The thing that impressed me a lot about the 186 Gunsmoke was how good of a carver it is – it is easy to bend, and it holds an edge well. And I recall that the Gunsmoke was still willing to let you drive the shovels when carving, more than the Jeffrey 114.
I don’t have that much time on the 186cm Gunsmoke, but I will say that if you offered me a choice of either the 186 Gunsmoke or the 186 Jeffrey, I’d take the Jeffrey—for hard & fast all-mountain skiing. (I have a strong suspicion that the 193cm Gunsmoke—which has a beefier flex pattern than the 186cm Gunsmoke—would be the better fit for me.)
Anyway, we’ll hopefully get Alex on the Gunsmoke soon, and get Will Brown or Jason Hutchins on the Jeffrey 114 to get their take.
•190cm Moment Blister Pro vs. 186 ON3P Jeffrey 114
When sizing up the 184cm Blister Pro against the 190cm Blister Pro and the 186cm Jeffrey 114, the 190cm Blister Pro / 15-16 Bibby Pro is the more direct comparison, based off of their respective lengths and dimensions. The 184cm Blister Pro is much shorter than the 186 Jeffrey.
190cm Moment Blister Pro – Actual Length: 188.1cm; Measured Dimensions: 142-118-133; Weight: 2393 & 2372 grams
186cm ON3P Jeffrey 114 – Actual Length: 186.8cm; Measured Dimensions: 141-114-133; Weight: 2211, 2208 grams
A) Once upon a time, ON3P skis all seemed to reside on the heavy end of the spectrum. But for the 2015-2016 season, ON3P is using a new bamboo material that is, according to them, “10%” lighter.
All I know is that the Jeffrey 114 is lighter than the Gunsmoke, and much lighter than the 190cm Blister Pro.
B) While many of us at Blister have sung the praises of the Bibby Pro / Blister Pro for years, and given it the title of “playful charger,” it is probably fair to say that the ski skews a little more toward the ‘charger’ side of things than the ‘playful’ side—especially if by “playful” you mean “good at tricking.”
The 186cm Jeffrey 114 is definitely more playful in this sense than the 15/16 Bibby (14/15 Blister Pro). The 190 Bibby is more stable, is much more tolerant of a drive-the-shovels style, and has stiffer, more supportive (and in that sense) more forgiving tails.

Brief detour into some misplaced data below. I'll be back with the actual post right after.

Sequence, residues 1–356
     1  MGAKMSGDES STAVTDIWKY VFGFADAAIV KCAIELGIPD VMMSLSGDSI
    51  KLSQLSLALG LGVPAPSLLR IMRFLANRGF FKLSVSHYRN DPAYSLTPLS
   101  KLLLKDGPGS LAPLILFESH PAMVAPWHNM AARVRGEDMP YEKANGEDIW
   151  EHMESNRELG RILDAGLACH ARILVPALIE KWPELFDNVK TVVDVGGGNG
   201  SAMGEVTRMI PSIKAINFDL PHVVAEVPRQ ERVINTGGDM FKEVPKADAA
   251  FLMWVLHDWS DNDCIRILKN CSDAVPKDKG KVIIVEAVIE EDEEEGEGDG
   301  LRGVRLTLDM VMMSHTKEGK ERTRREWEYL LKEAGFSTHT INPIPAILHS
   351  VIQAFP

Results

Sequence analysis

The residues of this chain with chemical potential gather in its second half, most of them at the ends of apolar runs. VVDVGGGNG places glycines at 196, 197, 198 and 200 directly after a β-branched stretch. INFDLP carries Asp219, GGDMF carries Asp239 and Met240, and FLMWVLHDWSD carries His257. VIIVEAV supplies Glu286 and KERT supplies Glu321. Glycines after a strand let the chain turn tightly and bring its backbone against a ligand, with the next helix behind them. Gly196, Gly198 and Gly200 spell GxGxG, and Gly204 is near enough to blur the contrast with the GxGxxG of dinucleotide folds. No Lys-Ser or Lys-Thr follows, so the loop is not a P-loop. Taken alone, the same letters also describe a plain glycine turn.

But nobody we know is taking the 190cm Bibby into the park, while Alex has already vouched for the Jeffrey 114’s performance in the park. The more you’re looking to nose butter or tail press, the more it seems that the Jeffrey 114 is the better tool for the job.
So if the Bibby is a playful charger, the Jeffrey with its softer tips & tails and more forward mount point, is a ski that strikes a more even balance of ‘trick or charge’.
Who’s It For?
If you like the sound of the 190 Bibby and its reported stability, but are concerned that it may be a bit more ski than you want as you’re tricking around the mountain, then the ON3P Jeffrey 114 seems pretty ideal.
Alex: So far, I love this ski. The soft-ish tails take a couple of runs to get used to, and I personally would prefer the mount +1 or +2 from recommended. That being said, this ski is a superb all-mountain performer with a playful attitude. So if you like to play around the mountain but want to have the option to occasionally charge some lines, I give the 186 Jeffrey 114 a strong recommendation.
Jonathan: The 186cm Jeffrey 114 is a really fun ski, whether you’re tricking it or not. And given that the closest comparison I can think of is to one of my favorite skis of all time, I suppose that counts as very high praise.